If you use a Samsung smartphone, a pre-installed keyboard could make your device highly vulnerable to hackers. And, for the moment, there is practically nothing you can do about it.
The vulnerability was discovered by Ryan Welton a mobile security specialist at NowSecure. The issue involves problems with the standard pre-installed SwiftKey autofill keyboard which uses an unencrypted line to look for language pack updates.
[quote_box_left]”We supply Samsung with the core technology that powers the word predictions in their keyboard. It appears that the way this technology was integrated on Samsung devices introduced the security vulnerability.”[/quote_box_left]
Welton discovered that by creating a spoof proxy server, a hacker could easily send a fake update to the device containing malicious code. From there, they could eavesdrop on your incoming and outgoing messages as well as your voice calls.
The access would also allow them to view your personal data such as pictures or text messages, modify or tamper with apps, and even install other malicious applications on your phone.
Unfortunately, there is currently no fix since users can’t uninstall the SwiftKey app –which is part of Samsung’s standard bloatware it ships out with their phones, including its new flagship Galaxy lines.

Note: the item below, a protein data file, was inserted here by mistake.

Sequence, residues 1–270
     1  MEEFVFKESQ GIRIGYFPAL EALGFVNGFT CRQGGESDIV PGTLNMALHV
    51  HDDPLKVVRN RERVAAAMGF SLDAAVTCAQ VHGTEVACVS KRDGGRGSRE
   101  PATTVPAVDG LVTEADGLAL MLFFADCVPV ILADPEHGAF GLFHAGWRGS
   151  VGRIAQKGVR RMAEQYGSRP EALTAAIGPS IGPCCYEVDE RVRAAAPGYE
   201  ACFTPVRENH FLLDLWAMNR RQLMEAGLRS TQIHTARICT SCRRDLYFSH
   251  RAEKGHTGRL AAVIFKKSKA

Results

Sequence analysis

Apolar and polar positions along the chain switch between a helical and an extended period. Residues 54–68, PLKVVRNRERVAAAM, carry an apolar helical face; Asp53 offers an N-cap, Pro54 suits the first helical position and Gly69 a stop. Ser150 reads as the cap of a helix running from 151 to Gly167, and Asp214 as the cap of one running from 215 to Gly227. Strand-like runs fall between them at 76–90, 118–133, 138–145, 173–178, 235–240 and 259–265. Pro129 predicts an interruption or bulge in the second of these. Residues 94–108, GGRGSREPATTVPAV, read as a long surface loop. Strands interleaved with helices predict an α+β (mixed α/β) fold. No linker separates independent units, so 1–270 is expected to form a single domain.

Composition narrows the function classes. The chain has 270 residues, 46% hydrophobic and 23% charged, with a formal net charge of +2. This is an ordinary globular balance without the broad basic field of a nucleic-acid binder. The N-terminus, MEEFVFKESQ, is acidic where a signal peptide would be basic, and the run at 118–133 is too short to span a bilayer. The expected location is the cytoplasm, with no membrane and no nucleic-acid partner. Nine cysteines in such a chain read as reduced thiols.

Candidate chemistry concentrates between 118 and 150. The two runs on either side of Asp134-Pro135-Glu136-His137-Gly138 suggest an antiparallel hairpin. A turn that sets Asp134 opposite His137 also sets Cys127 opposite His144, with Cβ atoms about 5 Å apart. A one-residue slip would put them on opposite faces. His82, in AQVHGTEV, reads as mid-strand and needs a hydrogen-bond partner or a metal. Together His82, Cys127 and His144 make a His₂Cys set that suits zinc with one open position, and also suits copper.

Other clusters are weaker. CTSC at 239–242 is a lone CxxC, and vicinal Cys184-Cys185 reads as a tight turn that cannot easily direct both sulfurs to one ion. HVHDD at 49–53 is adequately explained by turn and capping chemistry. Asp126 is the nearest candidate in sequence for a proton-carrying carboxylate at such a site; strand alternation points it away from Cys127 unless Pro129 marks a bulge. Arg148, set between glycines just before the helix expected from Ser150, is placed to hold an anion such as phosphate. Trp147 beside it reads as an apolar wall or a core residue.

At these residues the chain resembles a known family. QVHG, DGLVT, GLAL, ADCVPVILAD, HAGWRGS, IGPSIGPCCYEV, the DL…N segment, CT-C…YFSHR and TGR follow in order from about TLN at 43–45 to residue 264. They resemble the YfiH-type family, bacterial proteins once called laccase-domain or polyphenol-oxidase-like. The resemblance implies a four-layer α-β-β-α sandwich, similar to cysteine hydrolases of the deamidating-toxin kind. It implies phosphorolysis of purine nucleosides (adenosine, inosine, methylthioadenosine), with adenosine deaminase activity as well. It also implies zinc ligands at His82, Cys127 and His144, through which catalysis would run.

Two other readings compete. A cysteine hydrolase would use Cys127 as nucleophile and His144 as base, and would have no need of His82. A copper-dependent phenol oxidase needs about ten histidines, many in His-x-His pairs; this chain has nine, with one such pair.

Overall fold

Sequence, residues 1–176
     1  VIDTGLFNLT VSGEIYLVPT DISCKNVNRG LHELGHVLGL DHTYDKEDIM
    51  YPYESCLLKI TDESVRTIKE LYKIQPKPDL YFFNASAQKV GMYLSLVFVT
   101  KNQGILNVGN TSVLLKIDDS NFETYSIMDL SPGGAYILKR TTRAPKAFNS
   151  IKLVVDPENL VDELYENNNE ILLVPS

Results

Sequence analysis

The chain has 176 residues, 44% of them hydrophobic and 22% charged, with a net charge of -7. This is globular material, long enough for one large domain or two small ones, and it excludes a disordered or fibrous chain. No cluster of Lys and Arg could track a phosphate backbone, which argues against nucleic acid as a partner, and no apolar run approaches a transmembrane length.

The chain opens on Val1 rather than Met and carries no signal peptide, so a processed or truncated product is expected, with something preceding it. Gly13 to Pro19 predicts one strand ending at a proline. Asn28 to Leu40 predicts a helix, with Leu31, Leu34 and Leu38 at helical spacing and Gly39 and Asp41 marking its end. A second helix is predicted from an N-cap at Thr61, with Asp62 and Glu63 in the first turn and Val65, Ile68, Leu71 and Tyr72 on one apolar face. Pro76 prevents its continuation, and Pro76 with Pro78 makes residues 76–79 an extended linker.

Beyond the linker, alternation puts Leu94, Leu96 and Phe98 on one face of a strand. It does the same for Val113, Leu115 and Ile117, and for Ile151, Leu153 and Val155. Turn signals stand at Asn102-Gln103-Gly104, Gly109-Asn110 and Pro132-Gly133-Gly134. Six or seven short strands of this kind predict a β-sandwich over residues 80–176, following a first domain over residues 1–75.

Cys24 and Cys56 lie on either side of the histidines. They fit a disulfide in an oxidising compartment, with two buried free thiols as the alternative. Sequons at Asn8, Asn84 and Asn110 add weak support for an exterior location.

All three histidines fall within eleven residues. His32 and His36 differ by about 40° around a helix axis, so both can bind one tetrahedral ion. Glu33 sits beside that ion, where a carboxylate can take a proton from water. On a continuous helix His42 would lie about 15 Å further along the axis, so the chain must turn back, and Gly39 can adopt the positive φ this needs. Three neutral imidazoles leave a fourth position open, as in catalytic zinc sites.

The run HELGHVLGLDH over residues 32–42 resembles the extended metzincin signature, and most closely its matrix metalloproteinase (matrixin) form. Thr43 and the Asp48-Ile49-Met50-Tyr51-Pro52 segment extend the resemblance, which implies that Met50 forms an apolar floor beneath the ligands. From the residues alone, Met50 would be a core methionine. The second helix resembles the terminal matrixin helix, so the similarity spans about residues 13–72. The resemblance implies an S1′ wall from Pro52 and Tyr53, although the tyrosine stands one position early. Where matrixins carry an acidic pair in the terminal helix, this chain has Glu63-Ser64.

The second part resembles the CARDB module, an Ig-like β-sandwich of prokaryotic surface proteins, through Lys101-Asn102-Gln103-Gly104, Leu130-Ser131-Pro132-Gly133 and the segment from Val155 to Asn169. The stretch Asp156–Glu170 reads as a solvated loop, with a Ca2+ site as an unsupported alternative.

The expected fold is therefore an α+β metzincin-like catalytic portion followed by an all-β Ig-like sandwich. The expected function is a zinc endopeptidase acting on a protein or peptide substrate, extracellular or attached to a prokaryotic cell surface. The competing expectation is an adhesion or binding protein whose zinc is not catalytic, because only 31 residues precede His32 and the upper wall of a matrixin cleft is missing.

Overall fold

For the moment NowSecure only mentions U.S. carriers, so no one is sure if there are international variants of what some are calling a “massive” security flaw.
SwiftKey CMO places blame on Samsung
SwiftKey CMO Joe Braidwood confirmed to Mashable that the vulnerability is unrelated to the SwiftKey consumer app and placed the blame on Samsung.
“We supply Samsung with the core technology that powers the word predictions in their keyboard. It appears that the way this technology was integrated on Samsung devices introduced the security vulnerability,” he said in a statement.
Samsung was alerted to a similar issue back in November 2014, and told NowSecure it was working on a patch and eventually delivered one to carrier networks in late March for Android 4.2 and above. But the company believes current devices are still vulnerable –which Welton and NowSecure seem to proven so.
Braidwood also pointed out that is a “low risk” concern.
“A user must be connected to a compromised network (…), where a hacker with the right tools has specifically intended to gain access to their device. This access is then only possible if the user’s keyboard is conducting a language update at that specific time,” he argues.
Well, there’s that.
So, what should you do?
Since the keyboard cannot be uninstalled, NowSecure warns users to avoid unsecured Wi-Fi networks and/or use a different mobile device.
Samsung has yet to release a statement regarding the issue.
Here is a video from December, 2014 of Welton exploiting the previous vulnerability flaw.